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Macular Degeneration Screening & Diagnosis

If you notice a change in your central vision, you should have your eyes checked by an ophthalmologist, a doctor who specializes in eyes. The ophthalmologist will most likely perform the following series of tests to determine whether or not you have macular degeneration:

On this page, you will find the following:


Diagnosis of Macular Degeneration

To help diagnose macular degeneration, an eye care professional will perform a comprehensive eye exam which may include the following:

  • Amsler grid: During an eye exam, you may be asked to look at an Amsler grid, a special eye test for age-related macular degeneration. The grid resembles graph paper in which straight lines intersect at right angles. You will cover one eye and stare at a black dot in the center of the grid. While staring at the dot, if the straight lines in the grid appear wavy or are missing, this could be a sign of age-related macular degeneration. The Amsler grid is also a useful tool for at-home monitoring.

  • Autofluorescence: The retinal pigment epithelium (RPE) is the deepest layer of the retina. RPE cells are responsible for maintaining the function of the light-sensitive cells in the retina (the cells that allow us to see). In dry age-related macular degeneration, the RPE layer of the retina thins, eventually causing the death of light-sensitive cells, ultimately leading to visual impairment. When dry age-related macular degeneration is in the advanced stage, geographic atrophy occurs. An autofluorescence photo is used to determine the extent and/or increase in the area of geographic atrophy in patients with advanced, dry age-related macular degeneration.

  • Dilated eye exam: To view the back of your retina, the doctor dilates the pupils with eye drops. Dilation allows the doctor to study the retina for signs of disease and to determine if there is optic nerve damage.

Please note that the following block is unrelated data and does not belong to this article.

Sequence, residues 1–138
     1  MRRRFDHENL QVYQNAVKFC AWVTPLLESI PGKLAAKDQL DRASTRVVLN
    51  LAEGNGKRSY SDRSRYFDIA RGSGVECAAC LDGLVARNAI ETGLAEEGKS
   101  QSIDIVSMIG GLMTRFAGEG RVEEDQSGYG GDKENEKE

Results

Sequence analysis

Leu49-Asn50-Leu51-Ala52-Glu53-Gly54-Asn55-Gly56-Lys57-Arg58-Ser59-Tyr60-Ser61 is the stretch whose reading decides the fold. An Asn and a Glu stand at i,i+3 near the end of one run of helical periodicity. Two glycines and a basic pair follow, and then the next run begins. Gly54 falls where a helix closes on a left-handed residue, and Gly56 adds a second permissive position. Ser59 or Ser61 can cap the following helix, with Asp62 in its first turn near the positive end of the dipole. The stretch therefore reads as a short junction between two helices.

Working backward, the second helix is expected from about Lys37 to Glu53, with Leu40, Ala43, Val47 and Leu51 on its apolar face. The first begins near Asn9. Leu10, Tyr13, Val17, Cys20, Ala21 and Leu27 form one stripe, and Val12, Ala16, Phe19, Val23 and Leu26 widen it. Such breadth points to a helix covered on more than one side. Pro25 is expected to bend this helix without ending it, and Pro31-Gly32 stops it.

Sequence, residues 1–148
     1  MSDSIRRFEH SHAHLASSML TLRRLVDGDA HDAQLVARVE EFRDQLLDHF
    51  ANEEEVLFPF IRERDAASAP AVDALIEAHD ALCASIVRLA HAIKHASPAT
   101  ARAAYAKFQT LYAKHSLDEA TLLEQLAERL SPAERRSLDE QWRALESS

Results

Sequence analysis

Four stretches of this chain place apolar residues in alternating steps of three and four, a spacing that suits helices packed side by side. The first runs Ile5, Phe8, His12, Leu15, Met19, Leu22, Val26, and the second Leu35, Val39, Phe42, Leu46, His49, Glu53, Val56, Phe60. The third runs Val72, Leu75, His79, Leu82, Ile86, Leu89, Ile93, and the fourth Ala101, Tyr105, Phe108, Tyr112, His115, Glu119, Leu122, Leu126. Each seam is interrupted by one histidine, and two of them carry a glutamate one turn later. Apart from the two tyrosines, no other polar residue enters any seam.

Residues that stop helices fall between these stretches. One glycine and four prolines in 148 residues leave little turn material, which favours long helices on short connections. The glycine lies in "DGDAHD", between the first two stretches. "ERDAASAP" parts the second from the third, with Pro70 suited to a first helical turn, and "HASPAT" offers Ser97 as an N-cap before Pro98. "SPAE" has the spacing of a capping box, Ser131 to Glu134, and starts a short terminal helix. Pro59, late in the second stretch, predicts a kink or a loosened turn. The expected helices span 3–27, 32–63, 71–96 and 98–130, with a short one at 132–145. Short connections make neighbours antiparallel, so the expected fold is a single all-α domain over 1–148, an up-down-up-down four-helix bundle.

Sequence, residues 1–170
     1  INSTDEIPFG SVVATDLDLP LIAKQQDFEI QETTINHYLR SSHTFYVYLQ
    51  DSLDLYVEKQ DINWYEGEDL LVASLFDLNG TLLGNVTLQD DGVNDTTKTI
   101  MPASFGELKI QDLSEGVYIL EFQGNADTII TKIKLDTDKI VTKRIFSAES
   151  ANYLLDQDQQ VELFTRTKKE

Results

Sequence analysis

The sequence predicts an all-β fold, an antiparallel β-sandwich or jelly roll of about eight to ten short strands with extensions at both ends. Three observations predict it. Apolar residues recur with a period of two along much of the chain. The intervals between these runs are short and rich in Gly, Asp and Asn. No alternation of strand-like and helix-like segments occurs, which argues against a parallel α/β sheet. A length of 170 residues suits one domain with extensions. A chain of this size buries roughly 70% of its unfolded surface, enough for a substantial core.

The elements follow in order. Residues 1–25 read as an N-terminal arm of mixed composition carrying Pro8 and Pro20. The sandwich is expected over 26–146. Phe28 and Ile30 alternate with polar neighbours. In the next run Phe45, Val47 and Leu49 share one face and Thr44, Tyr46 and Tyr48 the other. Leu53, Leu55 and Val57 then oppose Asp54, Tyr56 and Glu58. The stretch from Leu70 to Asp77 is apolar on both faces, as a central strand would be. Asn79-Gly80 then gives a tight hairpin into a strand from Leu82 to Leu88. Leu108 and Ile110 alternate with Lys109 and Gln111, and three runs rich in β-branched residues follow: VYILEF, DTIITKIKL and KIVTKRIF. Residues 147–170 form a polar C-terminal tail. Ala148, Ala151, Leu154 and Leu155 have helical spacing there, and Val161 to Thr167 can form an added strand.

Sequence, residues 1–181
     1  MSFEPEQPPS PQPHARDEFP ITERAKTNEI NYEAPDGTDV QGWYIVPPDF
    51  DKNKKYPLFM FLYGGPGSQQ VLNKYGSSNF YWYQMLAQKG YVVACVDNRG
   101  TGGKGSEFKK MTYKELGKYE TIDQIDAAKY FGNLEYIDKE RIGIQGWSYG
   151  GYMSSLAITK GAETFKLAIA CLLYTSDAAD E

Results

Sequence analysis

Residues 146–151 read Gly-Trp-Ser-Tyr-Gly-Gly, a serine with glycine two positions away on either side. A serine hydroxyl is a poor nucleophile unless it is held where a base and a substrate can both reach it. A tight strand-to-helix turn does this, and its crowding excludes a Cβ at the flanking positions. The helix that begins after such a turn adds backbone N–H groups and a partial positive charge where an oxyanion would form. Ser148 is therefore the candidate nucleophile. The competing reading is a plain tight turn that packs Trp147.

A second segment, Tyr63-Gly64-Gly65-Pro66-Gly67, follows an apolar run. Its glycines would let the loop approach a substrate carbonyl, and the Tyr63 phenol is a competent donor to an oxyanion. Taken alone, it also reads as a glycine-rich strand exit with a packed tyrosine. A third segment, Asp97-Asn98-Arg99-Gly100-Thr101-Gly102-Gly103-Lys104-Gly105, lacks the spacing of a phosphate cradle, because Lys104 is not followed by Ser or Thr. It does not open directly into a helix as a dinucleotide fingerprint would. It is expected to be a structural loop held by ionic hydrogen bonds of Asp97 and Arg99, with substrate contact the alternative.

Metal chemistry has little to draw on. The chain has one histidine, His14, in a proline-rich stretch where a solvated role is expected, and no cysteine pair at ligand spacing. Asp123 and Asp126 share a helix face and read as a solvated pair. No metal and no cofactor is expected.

• Fundoscopy or ophthalmoscopy: The pupil is dilated and a bright beam of light is aimed into the eye to view the retina, choroid, blood vessels and optic disk.

  • Visual acuity test or eye chart test: This test measures your sight from various distances.

  • Fundus photography: After dilating the pupil, the doctor focuses light through the cornea, pupil, and lens, and uses a customized camera to photograph the back of the eye—including the retina, macula, and optic nerve—to look for signs of disease. This helps the clinician to measure changes between visits.

  • Fluorescein angiography: If the wet form of age-related macular degeneration is suspected, this test may be conducted to detect leaking blood vessels. The doctor injects fluorescent dye into your arm and traces it through the blood vessels in the retina, where the appearance of fluorescent patches can reveal leakage.

  • Optical coherence tomography (OCT): OCT is a relatively new, non-invasive technique used to image the retina. Cross-sectional images of the retina are produced so the different layers and their thicknesses can be measured. When advanced dry age-related macular degeneration is suspected, this technique is used to identify regions of the retina that are thinning, indicating the presence of geographic atrophy. This technique is also routinely used to assess the retina's response to various treatments.